BBC HomeExplore the BBC
This page has been archived and is no longer updated. Find out more about page archiving.

15 October 2014
WW2 - People's War

BBC Homepage
BBC History
WW2 People's War Homepage Archive List Timeline About This Site

Contact Us

Wartime - Bletchley Park WAAF 1942 - 47.

by highgate

Contributed by 
People in story: 
Jeanne Isaacs, Cecelia Norman, Ray May, Gwen Makin, Jill Bose, Doris Bosley, Gladys Turk, Vi Gutler, Wyn Wheeler, Gladys Jones.
Location of story: 
Bletchley Park
Background to story: 
Royal Air Force
Article ID: 
Contributed on: 
19 July 2004

TPO's Revue 'D' Sqdn. Leighton Buzzard October 1944.

After 10 weeks training at Cranwell, Lincolnshire, I was a teleprinter operator and at first posted to Leighton Buzzard, Bedfordshire. As by then things had quietened down a little, I had some free time, and so with some comrades, I "put on a show" at the Corn Exchange in Leighton Buzzard.
After that I was posted to Bletchley Park. I had no idea how important Bletchley Park was or what was being carried out there! But as soon as I arrived, off I was sent again, to Chigwell in Essex, whilst I was being "vetted", and at Chigwell we were taught the MORSE and MURRAY codes and how to read them from tapes coming through machines from almost everywhere! Of course this was all before computers etc.
After 3 weeks at Chigwell, I returned to Bletchley Park where I joined a team of teleprinter operators and soon settled in. Our accommodation was in Nissen huts, average 35-40 WAAFs in each one. The loos and showers were situated elsewhere and so, if we were on the late shift or nights, it meant us going out in the sometimes pouring rain, or maybe even in snow to spend a penny or to shower!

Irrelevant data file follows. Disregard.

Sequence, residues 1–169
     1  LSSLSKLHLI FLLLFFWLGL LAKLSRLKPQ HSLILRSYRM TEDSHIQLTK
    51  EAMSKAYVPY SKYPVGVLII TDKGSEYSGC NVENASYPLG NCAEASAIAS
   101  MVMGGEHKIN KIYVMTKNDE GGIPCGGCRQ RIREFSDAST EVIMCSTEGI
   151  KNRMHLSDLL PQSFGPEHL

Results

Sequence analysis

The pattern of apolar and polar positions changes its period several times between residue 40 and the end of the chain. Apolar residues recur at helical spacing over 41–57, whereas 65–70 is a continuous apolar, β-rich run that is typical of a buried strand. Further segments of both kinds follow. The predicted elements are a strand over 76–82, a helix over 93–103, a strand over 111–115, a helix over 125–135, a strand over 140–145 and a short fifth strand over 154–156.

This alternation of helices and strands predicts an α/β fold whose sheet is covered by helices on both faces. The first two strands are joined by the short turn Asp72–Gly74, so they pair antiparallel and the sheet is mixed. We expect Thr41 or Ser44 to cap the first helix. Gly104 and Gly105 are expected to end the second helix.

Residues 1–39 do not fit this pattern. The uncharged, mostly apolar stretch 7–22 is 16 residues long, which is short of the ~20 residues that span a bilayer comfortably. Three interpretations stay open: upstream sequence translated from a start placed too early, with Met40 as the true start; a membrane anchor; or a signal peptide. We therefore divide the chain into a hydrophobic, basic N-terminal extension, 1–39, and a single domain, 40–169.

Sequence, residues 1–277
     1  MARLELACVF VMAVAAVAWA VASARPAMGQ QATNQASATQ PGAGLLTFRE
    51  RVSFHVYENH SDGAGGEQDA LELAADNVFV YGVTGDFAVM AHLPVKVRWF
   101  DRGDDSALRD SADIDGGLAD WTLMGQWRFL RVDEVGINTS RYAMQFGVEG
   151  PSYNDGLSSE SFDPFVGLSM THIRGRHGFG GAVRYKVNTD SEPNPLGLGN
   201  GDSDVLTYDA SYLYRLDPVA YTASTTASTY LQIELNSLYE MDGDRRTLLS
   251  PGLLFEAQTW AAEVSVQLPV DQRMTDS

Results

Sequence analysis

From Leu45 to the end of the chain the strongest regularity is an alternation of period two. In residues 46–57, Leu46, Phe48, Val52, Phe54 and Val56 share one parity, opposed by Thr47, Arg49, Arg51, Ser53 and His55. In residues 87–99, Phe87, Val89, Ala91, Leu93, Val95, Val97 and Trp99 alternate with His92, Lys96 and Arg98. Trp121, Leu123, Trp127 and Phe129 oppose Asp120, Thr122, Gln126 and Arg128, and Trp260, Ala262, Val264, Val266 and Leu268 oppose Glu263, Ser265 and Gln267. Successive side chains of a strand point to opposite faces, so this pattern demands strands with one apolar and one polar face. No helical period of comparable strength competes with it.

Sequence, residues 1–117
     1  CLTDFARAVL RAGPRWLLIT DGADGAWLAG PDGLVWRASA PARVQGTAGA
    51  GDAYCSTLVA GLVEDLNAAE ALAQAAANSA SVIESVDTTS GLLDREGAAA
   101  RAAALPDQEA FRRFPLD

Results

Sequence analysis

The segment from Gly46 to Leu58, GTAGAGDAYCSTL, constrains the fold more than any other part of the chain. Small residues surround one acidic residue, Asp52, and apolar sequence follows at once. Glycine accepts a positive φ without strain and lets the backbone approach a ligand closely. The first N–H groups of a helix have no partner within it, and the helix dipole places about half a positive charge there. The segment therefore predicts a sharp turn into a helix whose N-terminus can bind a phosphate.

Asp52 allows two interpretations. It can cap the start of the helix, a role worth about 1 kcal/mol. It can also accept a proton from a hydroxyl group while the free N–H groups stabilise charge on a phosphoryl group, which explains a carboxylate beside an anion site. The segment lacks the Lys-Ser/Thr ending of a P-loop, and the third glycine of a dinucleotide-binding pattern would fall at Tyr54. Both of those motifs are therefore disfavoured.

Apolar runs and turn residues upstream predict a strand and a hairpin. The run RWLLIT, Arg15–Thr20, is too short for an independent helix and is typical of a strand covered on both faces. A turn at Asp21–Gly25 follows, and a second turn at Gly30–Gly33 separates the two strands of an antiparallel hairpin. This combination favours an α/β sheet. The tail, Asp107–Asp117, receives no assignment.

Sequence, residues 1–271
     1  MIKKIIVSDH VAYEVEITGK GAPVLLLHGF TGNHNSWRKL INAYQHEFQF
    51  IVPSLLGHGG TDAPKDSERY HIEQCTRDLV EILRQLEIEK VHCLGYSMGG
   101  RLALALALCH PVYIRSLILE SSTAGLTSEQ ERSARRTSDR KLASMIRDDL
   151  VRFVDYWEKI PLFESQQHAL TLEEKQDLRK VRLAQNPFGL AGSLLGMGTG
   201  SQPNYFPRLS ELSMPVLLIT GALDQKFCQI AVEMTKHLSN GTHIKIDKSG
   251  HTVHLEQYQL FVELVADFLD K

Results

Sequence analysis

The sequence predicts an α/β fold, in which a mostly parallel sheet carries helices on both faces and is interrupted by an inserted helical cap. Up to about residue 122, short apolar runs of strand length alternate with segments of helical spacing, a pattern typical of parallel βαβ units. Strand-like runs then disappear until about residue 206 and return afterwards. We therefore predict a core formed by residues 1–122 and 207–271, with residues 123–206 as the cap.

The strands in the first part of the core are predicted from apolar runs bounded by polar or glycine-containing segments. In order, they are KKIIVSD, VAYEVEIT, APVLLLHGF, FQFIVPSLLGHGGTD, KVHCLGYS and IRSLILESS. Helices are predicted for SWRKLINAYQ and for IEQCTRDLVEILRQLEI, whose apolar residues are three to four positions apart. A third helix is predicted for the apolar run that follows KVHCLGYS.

A few weeks before D-Day, all our leave and weekend passes were cancelled. We guessed something was up. It was - all hell broke loose. I was on duty the night before D-Day, and all the machines went mad - tapes came spilling out of the machines, there was barely enough hands to collect it all! These tapes had then to be transmitted to the teleprinters, the results of which were sent down to the bowels of the building to be decoded (ENIGMA).
These hectic days went on for some months and then, eventually, V-DAY! I decided to stay in the WAAF, and make a career. I was going overseas, but unfortunately my mother became unwell and I was asked to take over my mother's role in the fish and chip shop. By then it was May 1947, and so I had been in the WAAF for almost 5 years.
Jeanne Isaacs, WAAF 1942-47

© Copyright of content contributed to this Archive rests with the author. Find out how you can use this.

Archive List

This story has been placed in the following categories.

Special Operations and Intelligence Category
Buckinghamshire Category
icon for Story with photoStory with photo

Most of the content on this site is created by our users, who are members of the public. The views expressed are theirs and unless specifically stated are not those of the BBC. The BBC is not responsible for the content of any external sites referenced. In the event that you consider anything on this page to be in breach of the site's House Rules, please click here. For any other comments, please Contact Us.

About the BBC | Help | Terms of Use | Privacy & Cookies Policy